Collier preferred the version of the Book of Common Prayer issued in 1549, and regretted that certain practices and petitions there enjoined were omitted in later editions.
The Annales were first published in 1554, but many important passages were omitted in this edition, as they reflected on the Roman Catholics.
It is sometimes suggested that the 'cello part is best omitted and these works played as violin sonatas.
As his people pressed southward, they omitted to possess themselves of the coasts; and what was worse for the future of these conquerors, the original impetus of the invasion was checked by the untimely murder of Alboin in 573.
He not only re-established the Prussian legation to the Vatican, suppressed since 1874, and omitted from the imperial message to the Reichstag (17th November 1881) all reference to King Humberts visit to Vienna, but took occasion on the n9th of November to refer to Italy as a country tottering on the verge of revolution, and opened in the German semi-official press ~ campaign in favor of an international guarantee for the independence of the papacy.
This provision was omitted from Magna Carta, except so far as it related to aids from the citizens of London.
In 1797 she presented to the Royal Society an Index to Flamsteed's observations, together with a catalogue of 561 stars accidentally omitted from the "British Catalogue," and a list of the errata in that publication.
Characteristic of the omitted portions are the friendship which sprang up between Jonathan and David and the latter's appointment to a command in the army.
If a decennial period be taken, then-for the purpose of the new calculation -the earliest year is omitted and the latest year added, the number of years continuing at ten.
In the Church of England, however, it was retained among the episcopal ornaments prescribed by the first Prayerbook of Edward VI., and, though omitted in the second Prayerbook, its use seemed once more to be enjoined under the Ornaments Rubric of Elizabeth's Prayer-book.
(vii.) The only exception that may be made to the above rule is that an expression involving multiplication-dots only, or a simple fraction written with the solidus, may have the brackets omitted for additions or subtractions, provided the figures are so spaced as to prevent misunderstanding.
While trying to feed his army he omitted to fight it, and, with the chance of overwhelming the Prussians by one great effort of marching, he delayed the necessary orders till too late, and the Prussian II.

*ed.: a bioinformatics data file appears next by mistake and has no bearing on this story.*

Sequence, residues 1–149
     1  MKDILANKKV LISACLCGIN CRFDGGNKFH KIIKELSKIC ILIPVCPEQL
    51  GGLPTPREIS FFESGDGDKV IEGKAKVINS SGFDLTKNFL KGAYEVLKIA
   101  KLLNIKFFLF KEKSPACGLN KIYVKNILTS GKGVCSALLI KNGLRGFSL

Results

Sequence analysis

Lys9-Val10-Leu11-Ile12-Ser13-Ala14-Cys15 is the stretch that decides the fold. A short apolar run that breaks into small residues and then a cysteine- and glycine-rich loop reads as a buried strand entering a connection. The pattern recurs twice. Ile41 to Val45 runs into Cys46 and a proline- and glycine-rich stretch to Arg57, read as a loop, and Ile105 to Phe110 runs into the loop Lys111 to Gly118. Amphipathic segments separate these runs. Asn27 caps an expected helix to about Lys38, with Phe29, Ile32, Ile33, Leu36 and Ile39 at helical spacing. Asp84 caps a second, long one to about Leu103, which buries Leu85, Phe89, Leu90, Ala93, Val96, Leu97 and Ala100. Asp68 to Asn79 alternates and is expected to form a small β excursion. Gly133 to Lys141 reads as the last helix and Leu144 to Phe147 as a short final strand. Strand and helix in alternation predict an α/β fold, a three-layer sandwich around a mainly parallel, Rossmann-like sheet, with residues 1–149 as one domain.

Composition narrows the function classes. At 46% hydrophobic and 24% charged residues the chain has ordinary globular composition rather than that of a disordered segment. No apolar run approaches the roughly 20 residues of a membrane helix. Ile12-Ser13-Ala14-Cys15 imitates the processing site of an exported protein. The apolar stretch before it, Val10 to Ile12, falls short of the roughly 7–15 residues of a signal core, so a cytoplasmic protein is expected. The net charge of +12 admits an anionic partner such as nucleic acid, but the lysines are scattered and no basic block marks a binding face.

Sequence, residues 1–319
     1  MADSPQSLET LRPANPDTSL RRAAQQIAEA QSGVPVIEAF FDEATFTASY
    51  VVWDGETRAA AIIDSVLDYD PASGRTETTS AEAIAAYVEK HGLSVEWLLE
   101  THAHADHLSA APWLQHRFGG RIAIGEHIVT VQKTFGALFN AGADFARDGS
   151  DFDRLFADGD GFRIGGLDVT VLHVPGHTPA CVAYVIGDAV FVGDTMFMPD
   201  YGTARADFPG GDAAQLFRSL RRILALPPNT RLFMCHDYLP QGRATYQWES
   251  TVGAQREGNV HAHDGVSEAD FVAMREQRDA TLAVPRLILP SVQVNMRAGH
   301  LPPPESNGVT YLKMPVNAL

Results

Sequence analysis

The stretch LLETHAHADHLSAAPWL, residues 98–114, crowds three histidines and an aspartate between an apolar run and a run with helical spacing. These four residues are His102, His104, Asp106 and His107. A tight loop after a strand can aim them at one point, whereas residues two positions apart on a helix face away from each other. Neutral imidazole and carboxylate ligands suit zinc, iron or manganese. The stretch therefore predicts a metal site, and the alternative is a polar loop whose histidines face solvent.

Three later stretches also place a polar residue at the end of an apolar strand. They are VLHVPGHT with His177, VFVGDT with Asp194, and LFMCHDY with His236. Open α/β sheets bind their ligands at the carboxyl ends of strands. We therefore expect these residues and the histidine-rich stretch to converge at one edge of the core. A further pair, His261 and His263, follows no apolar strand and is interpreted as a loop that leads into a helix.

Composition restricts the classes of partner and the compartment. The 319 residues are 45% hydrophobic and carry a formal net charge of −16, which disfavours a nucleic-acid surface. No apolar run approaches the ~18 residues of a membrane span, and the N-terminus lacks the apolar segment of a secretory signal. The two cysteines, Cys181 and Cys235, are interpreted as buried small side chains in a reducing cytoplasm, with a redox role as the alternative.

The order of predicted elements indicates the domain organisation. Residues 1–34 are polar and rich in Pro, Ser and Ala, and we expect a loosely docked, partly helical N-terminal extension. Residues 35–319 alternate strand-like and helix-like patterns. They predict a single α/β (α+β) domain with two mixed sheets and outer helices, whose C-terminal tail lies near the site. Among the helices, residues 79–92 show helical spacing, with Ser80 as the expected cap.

Hitherto the letters have been given in full; from this point on passages are omitted and the omissions are indicated.
The facsimile on page xv [omitted from etext] gives an idea of how the raised dots look.
I have omitted from each succeeding report what has already been explained and does not need to be repeated.
I supply a word here and there, sometimes a sentence, and suggest something which she has omitted or forgotten.
In most books, the I, or first person, is omitted; in this it will be retained; that, in respect to egotism, is the main difference.
These same questions that disturb and puzzle and confound us have in their turn occurred to all the wise men; not one has been omitted; and each has answered them, according to his ability, by his words and his life.
And he was still more angry at having omitted to say it.
Those standing behind noticed what a speaker omitted to say and hastened to supply it.
If it had depended on Napoleon's will to fight or not to fight the battle of Borodino, and if this or that other arrangement depended on his will, then evidently a cold affecting the manifestation of his will might have saved Russia, and consequently the valet who omitted to bring Napoleon his waterproof boots on the twenty-fourth would have been the savior of Russia.
Reinstating the first condition omitted, that of time, we see that no command can be executed without some preceding order having been given rendering the execution of the last command possible.
To understand in what this dependence consists it is necessary to reinstate another omitted condition of every command proceeding not from the Deity but from a man, which is, that the man who gives the command himself takes part in the event.